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Compare and Contrast oncogenes and tumor supressors

Oncogenes are genes that positively influence tumor formation (ras)


Tumor supressors are genes that negatively impact tumor growth (p53)


Some cancers affect the cell cycle. Discuss

proteins or pathways involved in regulating the checkpoints between the phases of the cell cycle may be absent or mutated which can lead to uncontrolled and unregulated cell cycle proliferation 


Certain drugs will target the cell cycle to help reduce this proliferation (cell-cycle specific)


Activation of oncogenes overrides what part of the cell cycle?


Inactivation of tumor suppressor genes overrides what part of the cell cycle?

overrides G1 arrest 


Overrides G2 arrest 


Now the cell isn't arrested when it should be, and can cause cancer


What is primary chemotherapy?

chemotherapy that is given as the primary treatment 

used for advanced cancers with no other alt. tx or advanced metastatic disease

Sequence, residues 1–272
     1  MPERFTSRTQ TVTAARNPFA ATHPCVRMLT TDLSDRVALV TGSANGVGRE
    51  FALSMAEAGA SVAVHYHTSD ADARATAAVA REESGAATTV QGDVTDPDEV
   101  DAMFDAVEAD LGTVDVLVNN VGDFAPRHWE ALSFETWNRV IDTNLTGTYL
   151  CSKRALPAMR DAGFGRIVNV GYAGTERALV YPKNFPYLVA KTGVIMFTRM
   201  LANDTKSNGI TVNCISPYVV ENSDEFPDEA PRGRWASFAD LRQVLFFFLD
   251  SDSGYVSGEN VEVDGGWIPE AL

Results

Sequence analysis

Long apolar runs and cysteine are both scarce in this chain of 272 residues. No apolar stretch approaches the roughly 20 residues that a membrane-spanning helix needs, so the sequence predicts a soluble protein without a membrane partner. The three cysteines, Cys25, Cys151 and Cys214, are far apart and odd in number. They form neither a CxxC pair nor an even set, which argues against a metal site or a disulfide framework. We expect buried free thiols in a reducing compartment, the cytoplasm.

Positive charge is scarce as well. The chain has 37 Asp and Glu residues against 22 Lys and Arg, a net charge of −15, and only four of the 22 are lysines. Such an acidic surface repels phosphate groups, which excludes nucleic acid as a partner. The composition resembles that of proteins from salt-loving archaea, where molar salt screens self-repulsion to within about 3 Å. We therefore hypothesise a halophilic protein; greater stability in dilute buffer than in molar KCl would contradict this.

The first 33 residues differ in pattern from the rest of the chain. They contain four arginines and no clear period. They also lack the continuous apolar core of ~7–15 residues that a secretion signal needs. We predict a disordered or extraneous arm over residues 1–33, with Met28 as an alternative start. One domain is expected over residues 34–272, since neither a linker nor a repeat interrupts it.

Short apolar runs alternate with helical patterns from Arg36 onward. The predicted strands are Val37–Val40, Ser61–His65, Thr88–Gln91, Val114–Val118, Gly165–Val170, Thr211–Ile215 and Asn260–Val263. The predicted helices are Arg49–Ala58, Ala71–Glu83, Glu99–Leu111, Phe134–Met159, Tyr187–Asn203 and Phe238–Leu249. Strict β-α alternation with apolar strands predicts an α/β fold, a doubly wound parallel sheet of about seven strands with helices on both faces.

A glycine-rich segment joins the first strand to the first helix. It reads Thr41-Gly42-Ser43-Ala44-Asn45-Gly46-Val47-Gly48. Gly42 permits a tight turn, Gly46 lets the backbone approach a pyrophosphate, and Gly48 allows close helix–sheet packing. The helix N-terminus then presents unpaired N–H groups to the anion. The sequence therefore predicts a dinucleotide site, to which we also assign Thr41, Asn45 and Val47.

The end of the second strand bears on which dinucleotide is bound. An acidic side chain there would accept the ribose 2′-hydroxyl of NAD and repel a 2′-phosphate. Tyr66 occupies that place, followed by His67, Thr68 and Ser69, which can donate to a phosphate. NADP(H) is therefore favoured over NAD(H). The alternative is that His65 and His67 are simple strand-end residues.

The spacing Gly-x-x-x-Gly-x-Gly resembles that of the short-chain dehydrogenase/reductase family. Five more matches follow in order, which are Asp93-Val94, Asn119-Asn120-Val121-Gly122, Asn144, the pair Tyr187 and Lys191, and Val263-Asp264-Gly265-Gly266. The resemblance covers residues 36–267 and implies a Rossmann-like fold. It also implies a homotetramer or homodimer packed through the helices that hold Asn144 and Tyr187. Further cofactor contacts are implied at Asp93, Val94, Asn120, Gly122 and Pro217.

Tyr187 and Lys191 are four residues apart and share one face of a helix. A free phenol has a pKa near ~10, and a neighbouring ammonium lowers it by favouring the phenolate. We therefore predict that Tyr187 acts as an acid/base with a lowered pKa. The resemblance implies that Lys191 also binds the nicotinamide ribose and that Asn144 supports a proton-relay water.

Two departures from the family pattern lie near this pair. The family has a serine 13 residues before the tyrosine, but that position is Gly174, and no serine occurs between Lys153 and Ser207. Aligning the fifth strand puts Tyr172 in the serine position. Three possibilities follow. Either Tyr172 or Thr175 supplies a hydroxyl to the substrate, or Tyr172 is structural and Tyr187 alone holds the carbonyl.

What is the goal of primary chemotherapy?

relieve tumor related symptoms

improve quality of life

prolong time to tumor progession


In what cancers or patients can primary chemotherapy be curative?

HL and NHL, choriocarcinoma, germ cell cancer, and AML 

Burkitt's lymphoma, Wilm's tumor, Embryonal rhabdomyosarcoma, ALL


What is neoadjuvant chemotherapy 

chemo that is given for a localized cancer in which alternative therapies exist but are less than completely affective 



What is the goal of neoadjuvant therapy? 

reduce the size of the tumor to make surgery easier/spare normal organs

typically given after surgery as well  (becomes adjuvant therapy at that point) 


What is adjuvant chemotherapy?

chemo used as an adjuvant (or help) to local therapy and administered after surgery has been preformed 




What is the goal of adjuvant therapy?

 reduce the incidence of local and systemic recurrence

improve the overall survival 

effective at prolonging dz-free state and survival


What is growth fraction?

ratio of cell proliferation to G0 cells

this is the major determinant of a cancer's responsiveness to chemotherapy 

antineoplastics will be more effective on cells with a high growth fraction and will impact noncancerous high growth cells


What are normal body cells with high growth fraction?

cells of the bone marrow, GI, hair, sperm forming cells


Solid tumors can be difficult to treat because of what rule?